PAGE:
Strengths and Limitations

Usability and satisfaction were evaluated using both qualitative and quantitative methodologies using validated survey questions. However, while scores on the Technology Acceptance Model predict usage, there is no score threshold to indicate “usefulness,” limiting the interpretation of results. Limitations also include selection bias inherent to the social media recruitment strategy [20,21]: parameters (age, geographic region, budget, and keywords) for promoted messages are entered into the social media platform, and a proprietary algorithm is used to target users who see the platform. Users self-select how they respond to the advertisement, which in our study resulted in a predominantly White and highly educated population; the app needs to be further tested in populations who historically have the lowest screening coverage. Last, the efficacy of the app to increase cervical cancer screening uptake was not tested in this study, and distribution of an effective app remains a challenge. During the qualitative portion of the study, 1 participant suggested the distribution of the app to adolescents through school programs.

Future Directions

To address the challenge of distribution of a health app, we decided to test the effectiveness of the app to increase preventative health behaviors within a childhood cancer survivorship clinic. The survivorship clinic was selected as this provided a way to distribute the app in a health care setting in which participants were not already presenting for the target preventative care. A revised version of the app using the same format and visual features tested for usability and satisfaction was created to encourage HPV vaccination among survivors of childhood cancer. A change in focus from cervical cancer screening to HPV vaccination was chosen to target the greatest number of participants in the survivorship clinic (upper age limit of 27 years; all genders). This is also an important aspect of survivorship care which is often not emphasized [22,23]. The efficacy of the app in increasing HPV vaccination initiation and completion is currently being tested in a randomized clinical trial.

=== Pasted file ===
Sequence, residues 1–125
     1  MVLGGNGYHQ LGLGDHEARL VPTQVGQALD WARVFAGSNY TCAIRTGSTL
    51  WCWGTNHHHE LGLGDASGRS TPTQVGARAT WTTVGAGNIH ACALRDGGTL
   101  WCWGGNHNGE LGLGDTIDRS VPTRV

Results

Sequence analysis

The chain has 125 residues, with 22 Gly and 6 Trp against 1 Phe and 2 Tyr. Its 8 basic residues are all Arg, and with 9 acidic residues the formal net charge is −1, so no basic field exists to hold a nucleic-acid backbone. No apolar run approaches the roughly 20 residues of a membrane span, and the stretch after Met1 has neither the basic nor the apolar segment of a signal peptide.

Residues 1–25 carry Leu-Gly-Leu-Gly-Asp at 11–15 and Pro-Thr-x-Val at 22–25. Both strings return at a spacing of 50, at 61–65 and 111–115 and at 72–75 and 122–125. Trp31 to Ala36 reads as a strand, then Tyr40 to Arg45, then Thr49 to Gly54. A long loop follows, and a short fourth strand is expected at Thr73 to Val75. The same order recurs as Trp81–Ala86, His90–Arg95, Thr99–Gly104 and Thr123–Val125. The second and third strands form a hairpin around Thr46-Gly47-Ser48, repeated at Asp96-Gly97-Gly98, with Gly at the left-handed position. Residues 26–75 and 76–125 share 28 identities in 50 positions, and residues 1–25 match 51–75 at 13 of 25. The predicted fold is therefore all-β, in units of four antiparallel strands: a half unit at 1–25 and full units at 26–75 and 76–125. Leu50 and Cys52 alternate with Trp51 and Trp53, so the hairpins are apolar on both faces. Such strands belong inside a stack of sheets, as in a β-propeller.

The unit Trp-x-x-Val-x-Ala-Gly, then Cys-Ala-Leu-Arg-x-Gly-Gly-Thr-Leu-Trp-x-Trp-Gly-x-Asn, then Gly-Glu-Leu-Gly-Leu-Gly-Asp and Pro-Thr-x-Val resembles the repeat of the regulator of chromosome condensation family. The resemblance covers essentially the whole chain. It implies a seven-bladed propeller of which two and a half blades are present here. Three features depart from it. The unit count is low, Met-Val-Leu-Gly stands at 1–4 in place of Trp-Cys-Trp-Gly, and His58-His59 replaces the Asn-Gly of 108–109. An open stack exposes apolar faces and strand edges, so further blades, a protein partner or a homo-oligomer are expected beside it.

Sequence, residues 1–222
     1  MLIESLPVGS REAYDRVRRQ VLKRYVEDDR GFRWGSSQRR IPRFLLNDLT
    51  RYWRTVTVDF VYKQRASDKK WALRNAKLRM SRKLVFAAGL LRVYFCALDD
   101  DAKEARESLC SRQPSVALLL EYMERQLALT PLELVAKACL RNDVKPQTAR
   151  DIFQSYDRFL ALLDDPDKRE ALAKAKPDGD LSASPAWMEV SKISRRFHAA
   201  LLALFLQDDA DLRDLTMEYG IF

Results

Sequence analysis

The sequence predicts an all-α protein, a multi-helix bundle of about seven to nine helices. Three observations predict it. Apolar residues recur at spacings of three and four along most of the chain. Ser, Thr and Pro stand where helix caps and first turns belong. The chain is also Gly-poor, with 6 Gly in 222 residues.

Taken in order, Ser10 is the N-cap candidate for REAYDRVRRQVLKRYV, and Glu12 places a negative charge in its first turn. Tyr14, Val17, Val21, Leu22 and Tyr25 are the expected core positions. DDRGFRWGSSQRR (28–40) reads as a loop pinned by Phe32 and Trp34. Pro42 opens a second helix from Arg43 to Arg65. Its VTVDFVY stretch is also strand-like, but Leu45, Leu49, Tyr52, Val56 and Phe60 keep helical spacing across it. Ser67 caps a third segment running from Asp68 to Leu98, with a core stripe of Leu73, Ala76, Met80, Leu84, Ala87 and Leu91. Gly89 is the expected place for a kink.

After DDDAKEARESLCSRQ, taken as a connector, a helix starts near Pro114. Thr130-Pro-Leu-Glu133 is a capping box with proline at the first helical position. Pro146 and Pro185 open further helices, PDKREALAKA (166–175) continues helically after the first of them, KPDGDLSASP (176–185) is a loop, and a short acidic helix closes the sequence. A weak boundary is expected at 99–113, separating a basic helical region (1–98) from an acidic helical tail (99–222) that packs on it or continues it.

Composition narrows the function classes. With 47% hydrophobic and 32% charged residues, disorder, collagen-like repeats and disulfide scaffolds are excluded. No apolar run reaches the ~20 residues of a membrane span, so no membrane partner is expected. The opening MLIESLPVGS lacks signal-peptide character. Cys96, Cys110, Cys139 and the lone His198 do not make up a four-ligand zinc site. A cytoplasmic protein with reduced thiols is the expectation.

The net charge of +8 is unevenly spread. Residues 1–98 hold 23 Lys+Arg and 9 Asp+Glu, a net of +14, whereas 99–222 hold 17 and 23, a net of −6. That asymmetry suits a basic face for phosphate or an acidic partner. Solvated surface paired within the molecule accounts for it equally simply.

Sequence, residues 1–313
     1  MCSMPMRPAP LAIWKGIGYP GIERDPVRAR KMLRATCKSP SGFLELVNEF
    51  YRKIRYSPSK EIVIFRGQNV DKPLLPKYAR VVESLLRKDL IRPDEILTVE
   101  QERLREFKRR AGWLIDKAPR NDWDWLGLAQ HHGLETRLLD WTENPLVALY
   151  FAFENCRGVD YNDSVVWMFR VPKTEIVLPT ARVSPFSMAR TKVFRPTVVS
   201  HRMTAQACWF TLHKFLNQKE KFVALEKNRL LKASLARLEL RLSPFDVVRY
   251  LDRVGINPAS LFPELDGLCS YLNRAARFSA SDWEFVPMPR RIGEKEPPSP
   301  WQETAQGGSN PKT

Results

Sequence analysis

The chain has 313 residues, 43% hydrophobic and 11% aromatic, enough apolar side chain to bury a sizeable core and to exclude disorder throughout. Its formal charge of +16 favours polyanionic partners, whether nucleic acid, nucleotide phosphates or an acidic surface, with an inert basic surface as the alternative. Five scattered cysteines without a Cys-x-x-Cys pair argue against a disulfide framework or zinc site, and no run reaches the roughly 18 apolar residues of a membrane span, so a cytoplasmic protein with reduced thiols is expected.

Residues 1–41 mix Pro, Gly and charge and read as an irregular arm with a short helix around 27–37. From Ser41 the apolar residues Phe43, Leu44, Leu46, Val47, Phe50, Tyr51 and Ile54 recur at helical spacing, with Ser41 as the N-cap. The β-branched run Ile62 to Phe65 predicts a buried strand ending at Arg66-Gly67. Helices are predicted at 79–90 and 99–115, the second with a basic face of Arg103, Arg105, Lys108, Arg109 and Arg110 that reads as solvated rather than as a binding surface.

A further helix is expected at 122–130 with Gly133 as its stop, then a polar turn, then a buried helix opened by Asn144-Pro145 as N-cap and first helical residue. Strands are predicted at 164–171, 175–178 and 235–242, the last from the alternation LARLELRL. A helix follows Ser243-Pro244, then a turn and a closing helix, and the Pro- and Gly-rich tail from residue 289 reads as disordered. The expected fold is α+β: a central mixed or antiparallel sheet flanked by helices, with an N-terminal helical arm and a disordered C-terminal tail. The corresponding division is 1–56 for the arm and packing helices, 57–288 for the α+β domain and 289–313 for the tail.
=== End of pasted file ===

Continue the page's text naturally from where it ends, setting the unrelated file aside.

This research was supported by the National Institute of Health’s National Center for Advancing Translational Sciences (grant UL1TR002494) and Masonic Cancer Center, University of Minnesota GOpher the Cure Chainbreaker Award. The content is solely the responsibility of the authors and does not necessarily represent the official views of the National Institutes of Health’s National Center for Advancing Translational Sciences or the Masonic Cancer Center.

Data Availability

The data sets generated during and/or analyzed during this study are available from the corresponding author on reasonable request.

Conflicts of Interest

None declared.

Multimedia Appendix 1

Screenshots of the Game-Based Learning Avatar-Navigated Mobile (GLAm) app, including the (A) GLAm app dashboard; (B) avatar creation feature; (C) lesson content; (D) screening log.

PPTX File , 571 KB

Multimedia Appendix 2

Graphic representation of integration of the qualitative and quantitative components of the study.

PNG File , 208 KB

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GLAm: Game-based Learning Avatar-navigated mobile
HIPAA: Health Insurance Portability and Accountability Act
HPV: human papilloma virus
mHealth: mobile health

Edited by A Mavragani; submitted 12.01.23; peer-reviewed by MH Lee, L Guo; comments to author 08.05.23; revised version received 09.06.23; accepted 04.07.23; published 08.08.23.


©Lindsey J Wanberg, Angela Kim, Rachel I Vogel, Karim Thomas Sadak, Deanna Teoh. Originally published in JMIR Formative Research (, 08.08.2023.